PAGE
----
Collaboration framework: strengthen the glue

This case study is referred to in the report, Collaboration: Preserving water through partnering that works. There is one for each step of the Collaboration Framework. Click on the step you would like to find out more about to read the supporting case study.

  1. Start off on the right foot
  2. Get the system going
  3. Strengthen the glue
  4. Maintain momentum

Cotton is one of the most important cash crops in the world and despite the development of synthetics, cotton remains one of the most important fibres. India is the second largest producer of cotton globally. But, cotton is one of the most water consuming crops because of the frequent flood irrigation needed in its production.

The Problem

Click to see the full collaboration framework
Find out how to ‘strengthen the glue’

If flood irrigation is replaced by drip / micro irrigation systems (MIS), water consumption can be reduced by as much as 50%. The adoption of MIS by Indian cotton farmers had for a long time been limited. So the challenge was to increase adoption of MIS by cotton farmers in India.

The stakeholders

The stakeholders in this challenge –

  • The farmers themselves (as individuals and as groups / communities)
  • The textile / furnishing brands selling cotton based products in the global markets
  • International developmental institutes
  • MIS companies
  • Financial institutions that fund / finance the procurement of MIS equipment by farmers
  • Cotton value chain players i.e. the ginners / spinners / traders etc
  • The Governments (local and national) were interested as declining fresh water availability is a national as well as local concern
  • NGOs and other not for profit organisations that work with the farmers on various issues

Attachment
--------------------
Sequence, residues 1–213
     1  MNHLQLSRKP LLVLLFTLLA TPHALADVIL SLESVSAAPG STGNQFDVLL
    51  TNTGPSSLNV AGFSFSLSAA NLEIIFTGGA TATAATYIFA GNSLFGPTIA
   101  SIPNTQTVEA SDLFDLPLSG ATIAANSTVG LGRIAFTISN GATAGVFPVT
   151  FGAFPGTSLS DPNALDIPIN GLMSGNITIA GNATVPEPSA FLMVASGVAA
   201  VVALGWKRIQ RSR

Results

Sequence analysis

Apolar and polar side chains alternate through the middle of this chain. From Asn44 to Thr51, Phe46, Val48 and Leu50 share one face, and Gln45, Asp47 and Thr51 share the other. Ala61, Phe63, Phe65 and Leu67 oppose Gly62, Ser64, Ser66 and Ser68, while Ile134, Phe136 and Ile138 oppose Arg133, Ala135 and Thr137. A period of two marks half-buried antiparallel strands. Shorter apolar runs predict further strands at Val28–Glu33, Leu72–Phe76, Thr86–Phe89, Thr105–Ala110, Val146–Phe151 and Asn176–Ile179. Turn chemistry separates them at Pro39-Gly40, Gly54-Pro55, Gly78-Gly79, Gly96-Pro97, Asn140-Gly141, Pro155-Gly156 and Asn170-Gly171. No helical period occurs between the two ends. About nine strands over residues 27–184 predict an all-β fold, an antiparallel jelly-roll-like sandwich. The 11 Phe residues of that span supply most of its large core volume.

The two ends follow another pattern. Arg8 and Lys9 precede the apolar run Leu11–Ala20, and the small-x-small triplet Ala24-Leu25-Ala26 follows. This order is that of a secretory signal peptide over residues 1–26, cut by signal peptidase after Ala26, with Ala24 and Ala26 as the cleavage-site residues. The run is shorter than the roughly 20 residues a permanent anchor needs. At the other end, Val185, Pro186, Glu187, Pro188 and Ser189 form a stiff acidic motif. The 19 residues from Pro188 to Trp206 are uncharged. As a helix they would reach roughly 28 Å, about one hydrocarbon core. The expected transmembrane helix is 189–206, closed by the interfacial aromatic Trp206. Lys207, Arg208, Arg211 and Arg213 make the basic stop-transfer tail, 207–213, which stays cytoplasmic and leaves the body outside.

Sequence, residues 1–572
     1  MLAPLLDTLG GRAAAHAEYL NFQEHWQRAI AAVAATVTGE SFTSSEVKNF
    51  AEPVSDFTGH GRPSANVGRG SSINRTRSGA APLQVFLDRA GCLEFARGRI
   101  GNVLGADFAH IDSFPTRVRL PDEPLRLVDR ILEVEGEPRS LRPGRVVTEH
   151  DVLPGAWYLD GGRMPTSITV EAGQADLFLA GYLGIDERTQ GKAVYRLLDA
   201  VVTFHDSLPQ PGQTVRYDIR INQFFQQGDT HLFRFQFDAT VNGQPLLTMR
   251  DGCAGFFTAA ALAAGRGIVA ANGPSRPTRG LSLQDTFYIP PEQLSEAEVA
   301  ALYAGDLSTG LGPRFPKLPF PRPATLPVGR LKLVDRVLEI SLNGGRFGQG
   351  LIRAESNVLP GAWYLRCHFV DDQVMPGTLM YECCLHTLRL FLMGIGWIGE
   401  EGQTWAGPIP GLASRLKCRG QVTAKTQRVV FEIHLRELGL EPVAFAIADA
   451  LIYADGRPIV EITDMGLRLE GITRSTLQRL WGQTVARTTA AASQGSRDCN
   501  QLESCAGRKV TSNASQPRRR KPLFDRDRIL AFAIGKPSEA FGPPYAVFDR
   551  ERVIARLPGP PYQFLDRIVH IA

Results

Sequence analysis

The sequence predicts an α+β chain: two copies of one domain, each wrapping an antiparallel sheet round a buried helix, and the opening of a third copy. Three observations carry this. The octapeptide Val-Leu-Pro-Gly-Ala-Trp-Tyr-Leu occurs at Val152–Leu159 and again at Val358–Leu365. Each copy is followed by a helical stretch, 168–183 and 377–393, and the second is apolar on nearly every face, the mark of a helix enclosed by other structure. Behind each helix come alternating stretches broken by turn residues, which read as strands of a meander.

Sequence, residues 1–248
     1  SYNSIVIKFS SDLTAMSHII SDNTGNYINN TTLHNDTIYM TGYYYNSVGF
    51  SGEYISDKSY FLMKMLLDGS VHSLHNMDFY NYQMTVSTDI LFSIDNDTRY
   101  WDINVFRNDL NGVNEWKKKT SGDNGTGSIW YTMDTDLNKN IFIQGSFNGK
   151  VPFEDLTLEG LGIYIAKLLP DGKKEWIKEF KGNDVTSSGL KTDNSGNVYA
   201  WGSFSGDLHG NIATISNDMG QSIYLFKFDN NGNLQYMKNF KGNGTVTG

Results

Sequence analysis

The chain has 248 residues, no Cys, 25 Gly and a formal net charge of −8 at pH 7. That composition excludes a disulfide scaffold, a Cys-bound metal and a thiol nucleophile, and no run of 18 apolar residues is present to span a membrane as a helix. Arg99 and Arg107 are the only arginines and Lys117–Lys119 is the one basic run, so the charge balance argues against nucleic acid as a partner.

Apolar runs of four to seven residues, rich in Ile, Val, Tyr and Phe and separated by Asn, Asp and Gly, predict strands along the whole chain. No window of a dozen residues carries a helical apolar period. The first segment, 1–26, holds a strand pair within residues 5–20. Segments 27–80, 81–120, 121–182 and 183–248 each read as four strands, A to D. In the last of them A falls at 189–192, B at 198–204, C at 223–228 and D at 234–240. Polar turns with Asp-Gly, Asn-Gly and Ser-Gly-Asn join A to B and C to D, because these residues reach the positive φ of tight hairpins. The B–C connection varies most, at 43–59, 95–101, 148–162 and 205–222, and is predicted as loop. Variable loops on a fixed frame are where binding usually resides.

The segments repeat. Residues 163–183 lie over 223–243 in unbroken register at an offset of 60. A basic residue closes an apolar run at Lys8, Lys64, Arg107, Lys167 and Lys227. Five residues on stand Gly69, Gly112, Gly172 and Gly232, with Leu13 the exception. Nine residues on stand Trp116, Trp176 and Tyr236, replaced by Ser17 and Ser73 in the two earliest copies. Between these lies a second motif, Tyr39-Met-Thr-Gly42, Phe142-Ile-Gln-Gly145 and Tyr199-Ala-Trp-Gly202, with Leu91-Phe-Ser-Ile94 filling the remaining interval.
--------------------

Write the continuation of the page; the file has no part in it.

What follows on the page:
How did they collaborate to address the challenge?

First, they identified the key reasons for the low adoption rate by conducting a study to establish farmers’ understanding of the relevance of MIS systems in the cotton value chain.

The key findings of the study were:

  • Cost of irrigation was 20% of total cost of cultivation
  • Irrigated farms showed 3 times the amount of profit as compared to a non-irrigated farm
  • Drip irrigation was considered as one of the key measures for sustainably growing cotton in the future
  • The awareness of the farmers about the benefits of MIS was very high
  • The low adoption rate was driven by a lack of financial resources

The next stage was to develop the access to finance projects that would enable farmers to adopt the MIS systems.

Impacts and Outcomes

In the pilot areas 300 farmers were given access to finance through support from regional NGOs throughout the borrowing process. Banks supported the project, pre-sanctioned the loans and helped fast track the lending process. The banks also provided lower rates of interest compared to regular loans, reduced margin and security requirements and reduced the documentation requirements for the farmers.

In a drought year, when the sales of MIS systems declined in the pilot area the sales levels were sustained.

Enablers: What helped the collaboration work well?

  • The team provided by PwC was multi-disciplinary and had expertise in agricultural issues, technical knowledge of MIS systems and significant understanding of the banking sector along with a strong network within the financial sector
  • Diverse groups of different stakeholders (Banks, MIS companies, IFC, Retail Brands), supported the programme
  • In India the Reserve Bank of India (RBI) has stipulated priority sector lending norms for all commercial and state owned banks. Under these norms the banks have to undertake direct agri lending in order to fulfil the PSL norms.